Monday, February 09, 2009

New Beginning 603

I locked eyes with my fellow job candidate, trying not to smile at his surprise. "Yes, I'm serious, Joe. Turn around."

A mottled flush crawled up his neck. "I can't ask you to do that." He shot a glance at the receptionist, the only other person in the late-70's-style waiting room plastered with Toronto Hogs hockey team posters and memorabilia, but her focus on her computer remained absolute.

"You didn't ask, I offered. And your shoulders are right up to your ears. Don't look a gift massage in the mouth."

Since I'd already been waiting a good ten minutes, although they'd flown by in his company, I probably didn't have long before my interview, but I couldn't leave such a nice man without at least trying to reduce the awful tension I'd noticed in him.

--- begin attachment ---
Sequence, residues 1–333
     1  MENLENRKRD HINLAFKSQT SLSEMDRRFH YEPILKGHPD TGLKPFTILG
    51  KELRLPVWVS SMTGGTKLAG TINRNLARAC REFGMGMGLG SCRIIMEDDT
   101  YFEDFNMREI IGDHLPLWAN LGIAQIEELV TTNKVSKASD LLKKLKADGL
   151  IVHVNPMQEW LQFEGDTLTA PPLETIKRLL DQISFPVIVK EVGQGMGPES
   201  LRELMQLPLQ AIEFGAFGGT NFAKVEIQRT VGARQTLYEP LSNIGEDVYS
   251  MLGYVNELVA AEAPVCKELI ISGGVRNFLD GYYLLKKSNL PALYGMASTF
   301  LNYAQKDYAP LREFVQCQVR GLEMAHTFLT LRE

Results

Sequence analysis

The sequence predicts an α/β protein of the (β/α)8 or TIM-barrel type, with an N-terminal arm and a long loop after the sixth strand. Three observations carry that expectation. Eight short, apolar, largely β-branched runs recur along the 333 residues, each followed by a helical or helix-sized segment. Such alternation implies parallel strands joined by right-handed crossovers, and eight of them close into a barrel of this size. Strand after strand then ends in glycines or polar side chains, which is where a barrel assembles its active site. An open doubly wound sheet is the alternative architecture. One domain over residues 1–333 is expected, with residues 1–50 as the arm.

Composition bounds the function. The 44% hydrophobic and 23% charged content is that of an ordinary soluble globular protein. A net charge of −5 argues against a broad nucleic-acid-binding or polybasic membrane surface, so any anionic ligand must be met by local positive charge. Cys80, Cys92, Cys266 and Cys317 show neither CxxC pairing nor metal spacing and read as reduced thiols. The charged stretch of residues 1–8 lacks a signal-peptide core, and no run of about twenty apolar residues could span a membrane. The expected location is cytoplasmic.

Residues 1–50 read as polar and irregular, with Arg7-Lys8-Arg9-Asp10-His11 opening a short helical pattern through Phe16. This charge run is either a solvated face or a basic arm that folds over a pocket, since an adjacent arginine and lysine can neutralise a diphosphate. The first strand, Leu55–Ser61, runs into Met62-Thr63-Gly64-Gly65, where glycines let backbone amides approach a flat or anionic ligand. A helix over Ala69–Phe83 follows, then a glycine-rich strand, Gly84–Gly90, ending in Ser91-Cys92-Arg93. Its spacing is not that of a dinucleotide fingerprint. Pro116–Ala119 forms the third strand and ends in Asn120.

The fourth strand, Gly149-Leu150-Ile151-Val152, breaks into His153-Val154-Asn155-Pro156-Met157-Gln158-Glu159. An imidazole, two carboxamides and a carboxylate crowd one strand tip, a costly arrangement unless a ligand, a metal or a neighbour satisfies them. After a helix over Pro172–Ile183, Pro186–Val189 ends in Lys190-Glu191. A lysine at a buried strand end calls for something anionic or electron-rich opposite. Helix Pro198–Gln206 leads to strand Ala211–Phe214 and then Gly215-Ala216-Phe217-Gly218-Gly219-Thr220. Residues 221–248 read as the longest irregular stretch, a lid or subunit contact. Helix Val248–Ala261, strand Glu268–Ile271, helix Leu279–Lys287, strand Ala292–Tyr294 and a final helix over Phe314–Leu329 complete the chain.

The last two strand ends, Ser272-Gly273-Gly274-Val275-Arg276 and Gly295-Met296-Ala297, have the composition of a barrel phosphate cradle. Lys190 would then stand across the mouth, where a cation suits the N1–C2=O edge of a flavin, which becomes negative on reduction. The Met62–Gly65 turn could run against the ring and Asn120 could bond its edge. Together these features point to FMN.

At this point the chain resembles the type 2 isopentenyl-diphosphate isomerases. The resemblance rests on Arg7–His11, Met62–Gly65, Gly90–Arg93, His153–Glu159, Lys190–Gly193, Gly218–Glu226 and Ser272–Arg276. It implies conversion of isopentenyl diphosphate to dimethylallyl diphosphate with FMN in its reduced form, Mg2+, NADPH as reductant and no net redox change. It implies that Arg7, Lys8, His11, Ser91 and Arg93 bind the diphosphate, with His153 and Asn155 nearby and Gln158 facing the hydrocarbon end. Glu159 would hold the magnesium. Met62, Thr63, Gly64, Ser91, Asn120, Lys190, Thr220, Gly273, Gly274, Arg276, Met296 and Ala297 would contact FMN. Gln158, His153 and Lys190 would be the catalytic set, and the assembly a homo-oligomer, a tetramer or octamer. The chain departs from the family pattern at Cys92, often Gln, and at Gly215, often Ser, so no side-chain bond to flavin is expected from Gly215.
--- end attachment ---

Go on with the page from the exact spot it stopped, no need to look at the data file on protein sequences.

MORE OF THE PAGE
"This feels good, right?" I let my fingers work the knots in his shoulders."

"Uh, yeah... I guess..."

His warm, musky smell mixed with expensive cologne, while the receptionist tapped at her computer.

I leaned in closer and let my hair gently brush his cheek. "Married?"

"Y-- Yeah..."

"Thought so," I said. "Still, you seem the liberal type...?" I let my breath caress his earlobes, and knots tightened under my hands and his skin flushed red again.

The receptionist's phone trilled. She looked up and smiled. "You can go in now, Mr. Linklater."

"Maybe I'll, ah, see you later?" I said with a firm squeeze before I headed for the office door, thanking the receptionist on the way, confident that my fellow candidate's interview was not going to go well at all.

Opening: Heather Wardell.....Continuation: anon.


Evil Editor said...

Unchosen continuations:

But then it occurred to me: I knew an even better method, which would no doubt work for both of us.

Eyeing the receptionist, I said casually, "Of course, a hummer might do us both good. Care to step into the john?"

"Um, oh, but Mr. Clinton--"


And once he was a quivering lump of relaxed jelly on the floor, I'd walk over him and get the job.

Nice just gets nicer.


Whirlochre said...

I get what's going on here, but I'm having to dig for it, and I think that's all down to the order in which you've presented things.